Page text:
The KAPCO model embodies KRED’s commitment to creating independent Aboriginal economic development. This mission was assisted by Jawun secondees, who over four years brought business acumen and enterprise thinking to the development of the concept. Secondee Eleni Boyd from NAB was deployed to KRED in 2013 to provide analysis of why prior Aboriginal consortiums of pastoral stations in the Kimberley and Pilbara had failed. From this, she identified critical success factors to be incorporated into a new consortium model. Acknowledging the complexity of the work, Eleni’s manager at KRED said it created “a sound foundation for building the current model.” Later in 2013, Aaron Greco, also from NAB, worked closely with Wayne Bergmann to create a strategic plan for KAPCO, based on the consortium model recommended by Eleni. Future secondees, including KPMG’s Mohanmed Zahran in late 2015, and Suncorp’s Charlene Goh in early 2016, assisted with the development of a business proposal. Charlene drew on extensive commercial experience to also provide advice on risk management, and on strategies to attract potential investors.
Both the Cultural Enterprise Hub and KAPCO have now gone from idea to reality.
After two and half years and 14 secondees, KLC’s Cultural Enterprise Hub was proudly launched in June 2017. It is managing the Kimberley Ranger Network comprising 14 different groups, employing over 80 people to manage traditional lands. In 2017 it hosted the Kimberley Ranger Forum, attended by 60 ranger groups and 250 rangers from across northern Australia. It also facilitates the internationally recognised North Kimberley Fire Abatement Project, which draws on traditional fire practices to generate saleable carbon credits. It has secured partnerships with The Nature Conservancy and the Australian Conservation Foundation, whose support included fundraising and selling a pilot Kimberley Ranger Experience to 12 eco-tourism enthusiasts from around Australia. With a pipeline of new enterprises in development and partnerships under discussion, the Hub is proving that, driven by a strong strategy, it truly can help Indigenous people in the Kimberley participate in the ‘real economy’ in ways that also generate environmental, cultural and social outcomes. As Nolan Hunter says:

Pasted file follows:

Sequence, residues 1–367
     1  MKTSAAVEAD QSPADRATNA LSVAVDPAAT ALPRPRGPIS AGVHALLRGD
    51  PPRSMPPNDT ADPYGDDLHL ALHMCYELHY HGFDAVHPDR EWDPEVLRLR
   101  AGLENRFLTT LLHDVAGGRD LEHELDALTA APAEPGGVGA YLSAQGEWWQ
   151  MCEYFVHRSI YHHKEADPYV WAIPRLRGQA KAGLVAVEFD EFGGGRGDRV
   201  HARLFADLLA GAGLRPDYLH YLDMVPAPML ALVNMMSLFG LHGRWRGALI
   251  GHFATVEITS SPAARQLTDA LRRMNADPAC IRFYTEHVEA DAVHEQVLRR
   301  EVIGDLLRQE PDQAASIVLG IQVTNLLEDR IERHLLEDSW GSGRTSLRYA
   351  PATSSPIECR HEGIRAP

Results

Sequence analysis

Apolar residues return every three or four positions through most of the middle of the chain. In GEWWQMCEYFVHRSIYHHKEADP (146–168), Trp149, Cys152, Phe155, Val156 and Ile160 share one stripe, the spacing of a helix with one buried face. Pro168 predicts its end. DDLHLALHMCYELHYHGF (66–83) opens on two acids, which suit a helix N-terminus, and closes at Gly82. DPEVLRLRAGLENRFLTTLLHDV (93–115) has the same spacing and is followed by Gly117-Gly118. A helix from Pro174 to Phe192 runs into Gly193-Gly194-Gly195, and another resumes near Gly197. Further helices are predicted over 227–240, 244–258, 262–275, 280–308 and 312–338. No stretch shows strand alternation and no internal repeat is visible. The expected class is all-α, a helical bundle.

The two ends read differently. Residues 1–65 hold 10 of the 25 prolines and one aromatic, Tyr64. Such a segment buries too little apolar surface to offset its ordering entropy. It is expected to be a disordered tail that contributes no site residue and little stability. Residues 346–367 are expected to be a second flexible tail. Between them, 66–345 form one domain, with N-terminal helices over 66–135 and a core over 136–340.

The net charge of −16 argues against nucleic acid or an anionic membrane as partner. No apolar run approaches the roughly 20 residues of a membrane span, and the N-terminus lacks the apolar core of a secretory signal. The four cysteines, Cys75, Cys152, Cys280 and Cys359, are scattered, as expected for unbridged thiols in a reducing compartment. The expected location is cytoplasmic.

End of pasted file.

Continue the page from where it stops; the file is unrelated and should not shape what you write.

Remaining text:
“Our vision is for a prosperous and thriving community, with Aboriginal people living and working on their country in enterprises that are founded on traditional knowledge, culture and connection to country, The Hub will demonstrate the benefits of a new and innovative funding model for Indigenous groups across Australia and internationally”
After four years and five secondees, KRED’s KAPCO was established in 2015 with initial investment from Walalakoo Aboriginal Corporation and Marra Worra Worra Aboriginal Corporation. While it currently comprises three Indigenous-owned pastoral stations, it is set to grow bigger. The Indigenous Land Corporation in the process of divesting Myroodah and Lulugui to KAPCO. By standing together as integrated pastoral enterprise under a single management structure, all stations gain from the economies of scale achieved. Over the last sixteen months 42 casual staff have worked across the three stations. In addition to generating jobs and training, KRED is also exploring how one of the KAPCO stations could be used for a Kimberley youth diversionary and preventative program. With a working title of ‘The Marlamanu Project’, this will provide an alternative to current mainstream youth justice programs. KRED has also been investigating investment opportunities, with an Asian delegation of potential investors due to visit in the coming months. Speaking of the future, CEO Wayne Bergmann says:
“Aboriginal people need to be in the strongest position to make their own decisions, fund their own priorities, and to drive economic development in a way that’s aligned with Indigenous cultural and social values. Through KAPCO, we’re working together to create job and training opportunities on country for Indigenous people.”
Through the Hub and KAPCO, Kimberley’s Indigenous leaders and organisations are integrating traditional ecological knowledge and the region’s strong pastoral history to increase Indigenous participation in the economy, and are also leading the way in attracting international investment to North West Australia. Future funding will further secure their aspirations for Indigenous-led enterprise, employment and empowerment. Nolan Hunter describes the vital importance of this:
“The ability to create transformational change starts and ends with us. We must be the leaders of and catalyst for change, developing our own solutions rather than passive recipients of well-intentioned government policy”
Mr Bergmann is equally firm that development on Aboriginal traditional lands needs to align with a triple bottom line of people and culture, the environment and wealth.
“For Aboriginal people in the Kimberley, we have been trying to balance our cultural and environmental responsibilities while finding opportunities to step into the modern economy. We want to walk in both worlds, strengthening our traditional culture and making a place for ourselves in the modern economy. This way we can create widespread social change.”